Winter is coming, and global warming is to thank
Ellie Sherry — Reporter
On Nov. 4, Patrick Dilger, director of Integrated Communications and Marketing, sent out a campus wide email about winter being right around the corner because of the threat of snow later in the week and the following week.
However, I would be very surprised if we were to see snow in November and early December. There will be snow in general since we are in the Northeast, but I do not think it will come until much later.
From what I have noticed, the time frame for winter seems to be shifting. Instead of seeing snow as early as October, as our parents’ generation might have, we typically see snow for the first time in early to mid-December.
More recently, winter has been lasting longer into what should be spring. Instead of seeing warmer temperatures in early April, as one might expect, the average low is 38 degrees according to US Climate Data. So maybe we should change the phrase from “April showers bring May flowers” to “May showers bring June flowers.”
“Snow-friendly temperatures are declining across the country. In the last halfcentury, winters have warmed by more than two degrees Fahrenheit in 78 percent of the 244 cities analyzed and 17 cities have warmed up five degrees Fahrenheit,” Climate Central, a science and news website, stated. According to Climate Central, since 1970, the average temperature in Connecticut has gone up 3.9 degrees. While 3.9 degrees may not seem like a substantial enough number to worry about, scientists have indicated otherwise.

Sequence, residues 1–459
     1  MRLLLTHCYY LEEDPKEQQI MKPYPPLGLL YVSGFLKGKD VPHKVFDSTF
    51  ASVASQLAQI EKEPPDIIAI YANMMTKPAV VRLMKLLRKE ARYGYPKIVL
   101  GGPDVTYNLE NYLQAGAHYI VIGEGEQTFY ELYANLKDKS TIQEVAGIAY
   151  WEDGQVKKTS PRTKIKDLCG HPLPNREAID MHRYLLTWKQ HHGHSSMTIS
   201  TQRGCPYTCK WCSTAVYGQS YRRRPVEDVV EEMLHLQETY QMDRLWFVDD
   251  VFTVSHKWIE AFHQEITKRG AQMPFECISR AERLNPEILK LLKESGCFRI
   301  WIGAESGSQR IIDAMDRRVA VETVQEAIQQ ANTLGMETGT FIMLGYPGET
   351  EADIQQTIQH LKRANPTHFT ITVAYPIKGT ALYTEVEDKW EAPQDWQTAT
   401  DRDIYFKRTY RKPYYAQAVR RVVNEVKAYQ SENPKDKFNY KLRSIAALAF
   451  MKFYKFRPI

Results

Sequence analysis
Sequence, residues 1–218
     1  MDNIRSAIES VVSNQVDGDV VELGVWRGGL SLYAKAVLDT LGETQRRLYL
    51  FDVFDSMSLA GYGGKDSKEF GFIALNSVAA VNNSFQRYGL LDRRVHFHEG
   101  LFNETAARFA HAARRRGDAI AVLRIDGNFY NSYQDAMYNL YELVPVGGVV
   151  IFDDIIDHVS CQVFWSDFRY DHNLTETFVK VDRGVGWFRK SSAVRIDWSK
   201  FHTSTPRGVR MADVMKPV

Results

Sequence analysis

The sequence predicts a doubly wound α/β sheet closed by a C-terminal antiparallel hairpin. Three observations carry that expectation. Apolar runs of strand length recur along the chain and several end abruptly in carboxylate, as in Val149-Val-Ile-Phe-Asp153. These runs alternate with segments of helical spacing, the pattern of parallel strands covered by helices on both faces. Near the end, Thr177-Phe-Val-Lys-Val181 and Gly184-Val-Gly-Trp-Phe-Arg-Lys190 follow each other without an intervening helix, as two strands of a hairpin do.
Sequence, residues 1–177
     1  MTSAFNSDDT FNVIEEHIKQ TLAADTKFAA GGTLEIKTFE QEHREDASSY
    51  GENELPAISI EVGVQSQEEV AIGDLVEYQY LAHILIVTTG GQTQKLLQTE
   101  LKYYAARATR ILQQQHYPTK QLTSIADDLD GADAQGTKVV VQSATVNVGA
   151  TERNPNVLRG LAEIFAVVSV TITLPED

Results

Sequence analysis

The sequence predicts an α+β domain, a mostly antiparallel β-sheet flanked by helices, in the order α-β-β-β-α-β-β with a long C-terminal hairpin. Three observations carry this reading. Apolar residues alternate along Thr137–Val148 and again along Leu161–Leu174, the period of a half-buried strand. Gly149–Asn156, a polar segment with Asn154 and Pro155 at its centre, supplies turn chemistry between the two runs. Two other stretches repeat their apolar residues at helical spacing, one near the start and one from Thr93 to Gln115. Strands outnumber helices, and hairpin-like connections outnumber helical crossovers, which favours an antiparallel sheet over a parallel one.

The slight raise in temperature in our state alone is concerning. However, if one were to look elsewhere, they would find that a similar trend is being seen all across the world. According to NASA, the entire globe is getting warmer.
For the entire planet to raise its average temperature by even one degree is concerning.
However, in the last century alone, the Earth has warmed 0.7 degrees,
which is about 10 times faster than it took for the Earth’s ice age recovery warming, according to NASA.
“According to an ongoing temperature analysis conducted by scientists at NASA’s Goddard Institute for Space Studies, the average global temperature on Earth has increased by about 0.8 degrees Celsius (1.4° degrees Fahrenheit) since 1880. Two-thirds of the warming has occurred since 1975, at a rate of roughly 0.15-0.20 degrees Celsius per decade,” stated NASA’s Earth Observatory.
The most important part of that statement is that two-thirds of the overall temperature rise occurred since 1975. If we continue in this trend of upward temperatures, then we might end up with more uninhabitable spaces on our planet, and, with the population of the world steadily growing, that is not something we can have.
So while the seasons might be changing and winter is drawing nearer and nearer, we still have to be cognizant of the temperature changes that are happening on a global scale.